Here is a look at some of the stories that CNN plans to follow this week:
Olympic Games' first amputee runner takes to the track
The first amputee to compete in Olympic track events will make his London 2012 debut on Saturday.
South Africa's Oscar Pistorius, whose legs were amputated below the knee when he was an infant because of a bone defect, will compete in the individual 400-meter run on Saturday before participating in South Africa's 4×400-meter relay squad later in the Games. He runs on blade-like carbon fiber prosthetics, from which his nickname "The Blade Runner" derives.
Pistorius' speed sparked a few years of debate over whether his prosthetics give him an advantage over able-bodied athletes. But Switzerland's Court of Arbitration for Sport ruled that although the springy prosthetics gave Pistorius at least one advantage, Pistorius is at a net disadvantage because he has more difficulty coming out of the blocks and accelerating during the first part of the race.
For more on the Olympics, including stories about China's quick start in the medal count, the ongoing rivalry between U.S. swimmers Ryan Lochte and Michael Phelps, the U.S. men's gymnastics team qualifying for Monday's all-around finals, visit our London 2012 page.
Suspect in Colorado theater shooting to be charged
A man accused of killing 12 people and wounding dozens of others in a July 20 shooting at a Colorado movie theater is expected to be charged in the case on Monday.
A judge also is expected to hear arguments Monday on a request by the defense team of suspect James Holmes for authorities to surrender a package he allegedly sent to a psychiatrist before the shooting.
Holmes is accused of shooting people who were watching the early morning premiere of "The Dark Knight Rises" in Aurora, Colorado. He was arrested outside the theater shortly after the shooting.
The school where the psychiatrist works said last week that it received the "suspicious package" on Monday, and it described as "inaccurate" a Fox News report citing a source who said the packaged was received July 12 and sat in the mail room. CBS News reported that the package included a description of how Holmes was planning to kill people.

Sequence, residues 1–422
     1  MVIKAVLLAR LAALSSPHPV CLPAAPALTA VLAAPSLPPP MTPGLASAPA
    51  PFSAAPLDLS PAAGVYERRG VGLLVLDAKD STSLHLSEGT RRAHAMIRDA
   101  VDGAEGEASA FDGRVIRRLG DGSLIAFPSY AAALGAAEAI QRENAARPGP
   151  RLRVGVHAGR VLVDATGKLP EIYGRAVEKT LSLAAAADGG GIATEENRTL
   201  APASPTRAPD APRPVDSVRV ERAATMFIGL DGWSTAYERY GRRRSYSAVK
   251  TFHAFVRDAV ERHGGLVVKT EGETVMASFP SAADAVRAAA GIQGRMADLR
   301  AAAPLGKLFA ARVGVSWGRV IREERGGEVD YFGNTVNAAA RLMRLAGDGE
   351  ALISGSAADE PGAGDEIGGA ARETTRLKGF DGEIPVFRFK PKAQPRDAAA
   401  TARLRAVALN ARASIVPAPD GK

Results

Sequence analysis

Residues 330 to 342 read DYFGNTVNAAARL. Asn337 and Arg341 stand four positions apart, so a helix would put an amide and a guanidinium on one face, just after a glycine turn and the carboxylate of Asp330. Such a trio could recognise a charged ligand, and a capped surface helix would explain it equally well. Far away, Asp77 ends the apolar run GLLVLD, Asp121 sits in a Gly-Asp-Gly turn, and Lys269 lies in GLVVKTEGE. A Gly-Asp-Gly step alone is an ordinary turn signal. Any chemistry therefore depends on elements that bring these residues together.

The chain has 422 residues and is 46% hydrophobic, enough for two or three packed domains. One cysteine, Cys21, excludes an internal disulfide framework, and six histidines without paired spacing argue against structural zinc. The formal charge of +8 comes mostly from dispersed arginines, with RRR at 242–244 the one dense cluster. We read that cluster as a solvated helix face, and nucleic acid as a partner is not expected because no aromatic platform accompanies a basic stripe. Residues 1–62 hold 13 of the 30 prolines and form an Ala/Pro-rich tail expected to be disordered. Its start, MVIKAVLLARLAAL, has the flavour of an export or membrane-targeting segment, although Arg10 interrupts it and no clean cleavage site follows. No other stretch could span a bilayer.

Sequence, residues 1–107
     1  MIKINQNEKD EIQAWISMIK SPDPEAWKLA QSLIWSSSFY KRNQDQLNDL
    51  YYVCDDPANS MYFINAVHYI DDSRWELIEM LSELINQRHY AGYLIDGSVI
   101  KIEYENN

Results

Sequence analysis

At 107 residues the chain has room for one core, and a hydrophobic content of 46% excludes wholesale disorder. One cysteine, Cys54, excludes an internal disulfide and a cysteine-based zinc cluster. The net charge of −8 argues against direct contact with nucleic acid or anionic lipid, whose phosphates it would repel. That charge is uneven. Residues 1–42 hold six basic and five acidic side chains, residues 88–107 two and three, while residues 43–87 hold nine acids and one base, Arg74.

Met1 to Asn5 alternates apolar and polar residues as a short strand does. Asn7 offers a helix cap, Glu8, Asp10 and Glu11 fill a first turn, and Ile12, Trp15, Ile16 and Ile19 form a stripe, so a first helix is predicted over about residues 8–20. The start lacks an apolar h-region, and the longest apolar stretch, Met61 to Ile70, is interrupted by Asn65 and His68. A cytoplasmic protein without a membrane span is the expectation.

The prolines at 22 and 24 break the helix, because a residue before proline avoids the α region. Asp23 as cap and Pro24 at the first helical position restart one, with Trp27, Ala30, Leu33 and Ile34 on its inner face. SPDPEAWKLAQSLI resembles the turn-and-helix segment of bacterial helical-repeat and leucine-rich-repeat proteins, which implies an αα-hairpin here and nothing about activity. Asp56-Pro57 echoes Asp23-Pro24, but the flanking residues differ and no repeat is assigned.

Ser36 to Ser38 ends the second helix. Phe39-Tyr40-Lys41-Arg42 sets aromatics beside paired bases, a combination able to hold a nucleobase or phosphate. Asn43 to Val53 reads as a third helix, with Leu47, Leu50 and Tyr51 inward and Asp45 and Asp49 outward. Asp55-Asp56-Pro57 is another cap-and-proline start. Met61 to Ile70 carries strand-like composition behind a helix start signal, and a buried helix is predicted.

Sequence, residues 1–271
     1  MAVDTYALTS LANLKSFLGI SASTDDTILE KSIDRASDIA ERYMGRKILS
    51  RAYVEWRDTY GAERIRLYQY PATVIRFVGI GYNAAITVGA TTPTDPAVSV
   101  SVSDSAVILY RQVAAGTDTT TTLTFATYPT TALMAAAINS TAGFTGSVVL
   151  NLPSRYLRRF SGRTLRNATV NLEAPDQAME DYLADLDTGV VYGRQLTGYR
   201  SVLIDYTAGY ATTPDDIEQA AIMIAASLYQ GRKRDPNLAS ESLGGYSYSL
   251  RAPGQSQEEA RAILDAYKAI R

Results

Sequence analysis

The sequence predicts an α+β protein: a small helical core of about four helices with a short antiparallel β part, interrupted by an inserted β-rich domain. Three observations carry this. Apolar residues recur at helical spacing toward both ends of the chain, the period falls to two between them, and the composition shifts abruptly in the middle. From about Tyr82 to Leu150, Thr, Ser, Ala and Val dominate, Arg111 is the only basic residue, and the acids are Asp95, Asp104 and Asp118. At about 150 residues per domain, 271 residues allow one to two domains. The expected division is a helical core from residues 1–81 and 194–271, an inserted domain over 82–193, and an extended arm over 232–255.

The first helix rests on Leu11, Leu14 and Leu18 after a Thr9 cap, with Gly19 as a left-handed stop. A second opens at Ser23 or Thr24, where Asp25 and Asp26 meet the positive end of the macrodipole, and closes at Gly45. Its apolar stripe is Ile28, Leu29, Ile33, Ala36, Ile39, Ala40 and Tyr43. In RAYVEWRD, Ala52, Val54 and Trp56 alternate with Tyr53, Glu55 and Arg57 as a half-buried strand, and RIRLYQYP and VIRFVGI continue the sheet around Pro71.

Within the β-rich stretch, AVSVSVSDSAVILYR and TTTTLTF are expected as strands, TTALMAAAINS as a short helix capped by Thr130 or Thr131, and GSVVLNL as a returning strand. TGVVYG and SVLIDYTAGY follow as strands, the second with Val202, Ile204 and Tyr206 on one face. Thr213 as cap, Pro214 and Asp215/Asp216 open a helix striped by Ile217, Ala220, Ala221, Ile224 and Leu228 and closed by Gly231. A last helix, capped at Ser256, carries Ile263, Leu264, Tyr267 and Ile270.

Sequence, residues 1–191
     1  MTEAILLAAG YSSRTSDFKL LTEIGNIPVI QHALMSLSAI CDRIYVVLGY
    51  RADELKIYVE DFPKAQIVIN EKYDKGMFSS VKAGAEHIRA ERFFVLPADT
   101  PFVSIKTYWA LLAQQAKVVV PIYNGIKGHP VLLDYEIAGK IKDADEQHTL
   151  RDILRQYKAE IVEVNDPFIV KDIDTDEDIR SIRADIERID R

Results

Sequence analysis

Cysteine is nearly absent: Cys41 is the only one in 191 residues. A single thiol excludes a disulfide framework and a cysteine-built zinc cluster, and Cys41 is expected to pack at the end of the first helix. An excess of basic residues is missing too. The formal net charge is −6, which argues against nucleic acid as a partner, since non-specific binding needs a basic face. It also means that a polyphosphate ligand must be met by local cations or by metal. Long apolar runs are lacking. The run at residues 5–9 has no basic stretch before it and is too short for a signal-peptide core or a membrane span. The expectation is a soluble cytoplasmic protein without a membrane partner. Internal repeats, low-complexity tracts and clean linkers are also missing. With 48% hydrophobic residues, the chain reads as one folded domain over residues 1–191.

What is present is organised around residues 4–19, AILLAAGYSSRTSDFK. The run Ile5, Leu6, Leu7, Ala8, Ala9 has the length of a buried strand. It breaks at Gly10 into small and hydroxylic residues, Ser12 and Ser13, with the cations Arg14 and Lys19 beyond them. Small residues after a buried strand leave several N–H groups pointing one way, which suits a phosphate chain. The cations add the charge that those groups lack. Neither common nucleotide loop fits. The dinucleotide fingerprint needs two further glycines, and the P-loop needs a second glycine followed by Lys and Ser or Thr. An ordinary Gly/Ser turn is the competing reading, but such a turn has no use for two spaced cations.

According to the request from Holmes' defense team, the package seized by authorities under a July 23 search warrant was a protected communication and should be handed over. Prosecutors are fighting the request.
Fight between rebels, Syrian government forces intensifies in Aleppo
A nine-day struggle for control of Syria's commercial hub of Aleppo looks to stretch into this week, with Syria's top diplomat vowing Sunday that rebel troops would not gain control of the nation's largest city.
About 200,000 people have fled shelling and heavy weapon fire in Aleppo and surrounding areas in the past two days of fighting, a U.N. official said Sunday, citing the International Committee of the Red Cross and the Syrian Arab Red Crescent. Tanks pounded Aleppo on Saturday, a sign that a much-feared government offensive in the critical city has started.
Meanwhile, the Arab League is backing the Syrian opposition's call for an emergency U.N. Security Council meeting over fighting in Aleppo. Officials from the regional body are planning visits to Russia and China as part of efforts to persuade those countries, which have vetoed several resolutions over Syria, to change their stance, the head of the Arab League said Sunday.